The Woods Explores Political Intrigue, Corporate Greed, Union Organizing in Pacific Northwest During Last Days of Great Depression
WASHINGTON, Dec. 17, 2013 /PRNewswire-USNewswire/ -- Political potboiler or environmental love letter to the Pacific Northwest? In his rowdy new novel, The Woods, Washington DC insider and Washington State native Ronald Lee Geigle explores the political intrigue and corporate back-stabbing that are inherent in times of economic turmoil––no matter which "Washington" you're talking about. The novel is being published in association with WordVirgin, an indie publishing platform based in Seattle, Washington DC, and Edinburgh.
Set in the world of big-timber logging and labor unrest in Washington State during the Great Depression, The Woods focuses, in part, on people who take advantage of economic disorder to achieve their own political gain.
"Some readers may indeed find a parallel with what goes on in the nation's capital," deadpans Geigle, who has worked as a Hill staffer and then DC consultant for decades.
"My novel is about people pursuing dreams during hard times," he adds. "When the jobs and the banks go under, how do you survive—especially when so many corporate barons and political manipulators are gaming the system?"
Seattle was Red in the '30s
The novel draws out the labor unrest that is such a rich part of Northwest history, notes Geigle. "Seattle was quite Red and fervent in the 1930s, and the Pacific Northwest led the nation in union organizing. My novel drops a fast-paced coming-of-age story into the middle of it all."
The author was steeped in this rich brew of big-timber logging and political activism from an early age, hearing stories from his father and friends who were axe men and union activists. Like the novel's young protagonist, Geigle as a boy often attended the funerals of townsmen who were felled by the harsh and dangerous working conditions in the woods.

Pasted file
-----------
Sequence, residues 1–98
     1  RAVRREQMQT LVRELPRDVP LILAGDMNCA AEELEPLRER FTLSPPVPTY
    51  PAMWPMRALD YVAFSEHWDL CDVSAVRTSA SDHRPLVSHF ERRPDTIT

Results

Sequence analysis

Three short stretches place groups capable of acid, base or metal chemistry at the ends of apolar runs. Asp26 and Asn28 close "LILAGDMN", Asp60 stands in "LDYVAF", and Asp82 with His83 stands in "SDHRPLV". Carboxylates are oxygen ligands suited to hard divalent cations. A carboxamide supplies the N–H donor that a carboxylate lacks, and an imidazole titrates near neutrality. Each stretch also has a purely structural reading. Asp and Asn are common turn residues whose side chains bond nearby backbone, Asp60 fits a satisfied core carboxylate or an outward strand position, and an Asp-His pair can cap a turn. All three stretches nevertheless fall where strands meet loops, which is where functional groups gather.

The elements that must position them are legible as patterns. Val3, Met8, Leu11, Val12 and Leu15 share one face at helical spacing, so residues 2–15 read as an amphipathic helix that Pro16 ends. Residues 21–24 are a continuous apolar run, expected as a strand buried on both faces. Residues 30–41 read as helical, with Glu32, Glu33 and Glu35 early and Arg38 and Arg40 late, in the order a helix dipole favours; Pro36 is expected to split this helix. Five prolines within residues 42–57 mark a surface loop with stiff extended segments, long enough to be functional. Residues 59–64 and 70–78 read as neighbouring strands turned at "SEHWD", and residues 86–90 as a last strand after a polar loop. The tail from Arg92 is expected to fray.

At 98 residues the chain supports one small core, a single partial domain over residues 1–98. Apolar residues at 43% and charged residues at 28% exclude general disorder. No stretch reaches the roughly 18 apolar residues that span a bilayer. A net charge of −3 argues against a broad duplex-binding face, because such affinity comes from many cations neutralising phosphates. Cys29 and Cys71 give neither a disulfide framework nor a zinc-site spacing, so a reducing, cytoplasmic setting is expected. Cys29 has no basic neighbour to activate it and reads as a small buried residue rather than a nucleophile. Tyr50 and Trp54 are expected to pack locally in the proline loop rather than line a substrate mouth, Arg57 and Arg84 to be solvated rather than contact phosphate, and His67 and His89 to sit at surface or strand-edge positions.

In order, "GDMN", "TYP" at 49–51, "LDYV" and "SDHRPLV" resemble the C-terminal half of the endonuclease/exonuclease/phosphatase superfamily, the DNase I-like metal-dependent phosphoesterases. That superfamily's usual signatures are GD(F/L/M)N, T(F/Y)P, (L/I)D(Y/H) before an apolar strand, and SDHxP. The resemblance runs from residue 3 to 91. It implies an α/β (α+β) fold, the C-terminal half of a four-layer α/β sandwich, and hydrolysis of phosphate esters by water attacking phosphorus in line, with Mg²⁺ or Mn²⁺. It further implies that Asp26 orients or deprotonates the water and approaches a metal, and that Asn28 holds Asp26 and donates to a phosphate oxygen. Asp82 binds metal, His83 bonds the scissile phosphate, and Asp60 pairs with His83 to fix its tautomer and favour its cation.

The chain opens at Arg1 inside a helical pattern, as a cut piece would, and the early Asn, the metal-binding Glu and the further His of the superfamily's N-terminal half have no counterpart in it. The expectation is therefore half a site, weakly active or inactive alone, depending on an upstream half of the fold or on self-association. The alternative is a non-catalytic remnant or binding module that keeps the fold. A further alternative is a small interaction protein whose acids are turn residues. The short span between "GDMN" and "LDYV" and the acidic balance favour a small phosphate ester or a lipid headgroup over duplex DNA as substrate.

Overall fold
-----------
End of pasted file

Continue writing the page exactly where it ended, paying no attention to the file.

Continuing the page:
Geigle knows these characters well. The salty loggers in his book are beyond colorful, and their personalities as rich as the empire-building timber barons' bank accounts.
But the novel is more than just sabotage, sex, and unions. It is also a beautifully drawn coming-of-age novel of love and transformation set amidst the splendor of the Pacific Northwest's mountains and forests. Although he'd say he's more adept at writing about intrigue than nature, Geigle's descriptions of the environment are lush and transcendent. After reading his prose, you'll never look at hawks the same way again.
Excerpt from The Woods:
For the first time in his life, Albert stopped wondering. The rhythm of the logs, the calculations in his head, the quick orders he snapped to the crew, and the wonder of seeing a reluctant winter fall upon the high mountains refreshed him. Even the stabbing cold, which he had come to hate for so long, gave him a sense of achievement. As the temperature dropped and the wind grew, and the sense of danger increased, he found a sense of calm rise within him.
The hawks had gone. The eagles had gone. The songbirds had long since departed. But for some reason––a reason he couldn't understand––Albert was still on the mountain.
Link to Amazon:
New indie publishing firm
The Woods is being published in association with WordVirgin, an indie publishing platform based in Seattle, Washington DC, and Edinburgh.
The firm specializes in helping authors complete and market their fiction and non-fiction books. www.wordvirgin.com
Media Contact: Helen Pettay, 910-795-1202